Lisinopril, USP is an oral long-acting angiotensin converting enzyme (ACE) inhibitor. Lisinopril, a synthetic peptide derivative, is chemically described as (S)-1-[N2-(1-carboxy-3-phenylpropyl)-L-lysyl]-L-proline dihydrate. Its empirical formula is C 21 H 31 N 3 O 5 2H 2 O and its structural formula is:
Lisinopril, USP is a white to off-white, crystalline powder, with a molecular weight of 441.53. It is soluble in water and sparingly soluble in methanol and practically insoluble in ethanol.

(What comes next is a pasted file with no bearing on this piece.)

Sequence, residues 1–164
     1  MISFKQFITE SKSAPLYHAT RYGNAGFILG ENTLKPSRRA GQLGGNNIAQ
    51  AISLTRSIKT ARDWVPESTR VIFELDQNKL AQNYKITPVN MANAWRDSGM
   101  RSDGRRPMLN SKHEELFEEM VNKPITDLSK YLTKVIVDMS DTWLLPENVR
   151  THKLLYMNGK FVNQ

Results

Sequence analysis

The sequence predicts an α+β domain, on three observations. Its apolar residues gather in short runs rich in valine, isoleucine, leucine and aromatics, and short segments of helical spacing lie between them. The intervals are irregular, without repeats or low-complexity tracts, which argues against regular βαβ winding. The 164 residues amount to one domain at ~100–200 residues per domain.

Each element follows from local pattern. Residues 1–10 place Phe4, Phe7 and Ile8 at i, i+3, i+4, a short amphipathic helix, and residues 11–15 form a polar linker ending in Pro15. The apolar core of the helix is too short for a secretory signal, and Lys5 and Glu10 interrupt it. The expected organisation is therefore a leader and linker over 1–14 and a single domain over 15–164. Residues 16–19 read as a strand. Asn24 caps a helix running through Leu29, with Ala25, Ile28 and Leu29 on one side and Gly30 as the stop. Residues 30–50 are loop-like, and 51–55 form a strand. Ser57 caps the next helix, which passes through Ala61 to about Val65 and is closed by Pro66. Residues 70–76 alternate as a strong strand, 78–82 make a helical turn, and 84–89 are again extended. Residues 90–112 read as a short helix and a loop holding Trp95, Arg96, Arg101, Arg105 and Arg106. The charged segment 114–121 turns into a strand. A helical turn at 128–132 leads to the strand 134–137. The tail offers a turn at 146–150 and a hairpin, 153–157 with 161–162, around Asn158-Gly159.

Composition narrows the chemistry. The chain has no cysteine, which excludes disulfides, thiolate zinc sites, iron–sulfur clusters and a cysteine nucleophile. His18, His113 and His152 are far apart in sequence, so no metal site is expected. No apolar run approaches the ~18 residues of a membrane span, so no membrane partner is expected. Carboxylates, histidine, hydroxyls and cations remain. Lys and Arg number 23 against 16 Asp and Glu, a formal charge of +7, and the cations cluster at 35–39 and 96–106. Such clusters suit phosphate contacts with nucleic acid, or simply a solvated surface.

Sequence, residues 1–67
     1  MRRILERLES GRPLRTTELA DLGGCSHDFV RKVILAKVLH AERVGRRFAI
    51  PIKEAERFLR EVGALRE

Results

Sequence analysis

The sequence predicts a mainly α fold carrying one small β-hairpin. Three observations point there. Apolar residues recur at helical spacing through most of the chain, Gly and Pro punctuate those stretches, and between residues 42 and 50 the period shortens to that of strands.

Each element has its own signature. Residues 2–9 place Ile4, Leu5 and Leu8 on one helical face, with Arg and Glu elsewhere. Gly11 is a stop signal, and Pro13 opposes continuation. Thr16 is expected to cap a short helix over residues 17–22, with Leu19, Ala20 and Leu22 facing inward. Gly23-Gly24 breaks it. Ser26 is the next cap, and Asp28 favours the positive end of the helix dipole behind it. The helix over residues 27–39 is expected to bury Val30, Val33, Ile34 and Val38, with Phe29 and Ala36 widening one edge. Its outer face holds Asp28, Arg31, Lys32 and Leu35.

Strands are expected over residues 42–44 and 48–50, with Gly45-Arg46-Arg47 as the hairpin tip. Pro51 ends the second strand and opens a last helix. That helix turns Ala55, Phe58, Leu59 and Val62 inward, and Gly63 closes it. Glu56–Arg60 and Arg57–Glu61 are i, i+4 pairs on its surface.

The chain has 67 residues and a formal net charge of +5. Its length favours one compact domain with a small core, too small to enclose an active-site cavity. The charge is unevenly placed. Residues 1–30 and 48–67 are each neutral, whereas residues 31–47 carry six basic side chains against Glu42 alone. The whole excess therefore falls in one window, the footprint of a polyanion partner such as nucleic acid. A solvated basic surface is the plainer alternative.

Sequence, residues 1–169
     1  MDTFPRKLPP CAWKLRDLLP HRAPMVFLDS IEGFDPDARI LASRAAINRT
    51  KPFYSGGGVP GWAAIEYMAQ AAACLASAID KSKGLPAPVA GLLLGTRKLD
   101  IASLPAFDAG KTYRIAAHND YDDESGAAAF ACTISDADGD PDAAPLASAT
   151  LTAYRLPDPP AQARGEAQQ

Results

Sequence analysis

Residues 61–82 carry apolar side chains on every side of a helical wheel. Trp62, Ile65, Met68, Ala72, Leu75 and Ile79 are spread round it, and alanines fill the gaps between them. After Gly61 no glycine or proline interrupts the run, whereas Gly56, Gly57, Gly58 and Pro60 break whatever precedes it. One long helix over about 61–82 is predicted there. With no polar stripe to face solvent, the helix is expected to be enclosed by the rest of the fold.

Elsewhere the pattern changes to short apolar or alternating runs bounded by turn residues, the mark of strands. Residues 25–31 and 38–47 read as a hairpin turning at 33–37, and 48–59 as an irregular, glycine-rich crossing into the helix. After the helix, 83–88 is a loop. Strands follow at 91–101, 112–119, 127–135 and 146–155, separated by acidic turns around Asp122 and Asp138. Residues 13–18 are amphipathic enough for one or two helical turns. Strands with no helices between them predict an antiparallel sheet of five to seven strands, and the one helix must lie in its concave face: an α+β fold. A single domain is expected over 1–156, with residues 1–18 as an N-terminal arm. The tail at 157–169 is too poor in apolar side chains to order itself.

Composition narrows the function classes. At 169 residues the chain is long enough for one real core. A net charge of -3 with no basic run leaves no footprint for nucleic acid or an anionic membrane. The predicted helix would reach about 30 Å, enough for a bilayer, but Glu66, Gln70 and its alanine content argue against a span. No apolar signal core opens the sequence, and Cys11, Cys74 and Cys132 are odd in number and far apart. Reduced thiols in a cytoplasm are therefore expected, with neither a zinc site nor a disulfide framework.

Lisinopril tablets, USP are supplied as 2.5 mg, 5 mg, 10 mg, 20 mg, 30 mg and 40 mg tablets for oral administration.
Each tablet for oral administration contains 2.5 mg, 5 mg, 10 mg, 20 mg, 30 mg, or 40 mg of lisinopril. In addition, each tablet contains the following inactive ingredients: colloidal silicon dioxide, dibasic calcium phosphate, FD&C Blue #2 Aluminum Lake (10 mg only), FD&C Yellow #5 (tartrazine) Aluminum Lake (20 mg, 30 mg, and 40 mg, only), magnesium stearate, mannitol, pregelatinized starch.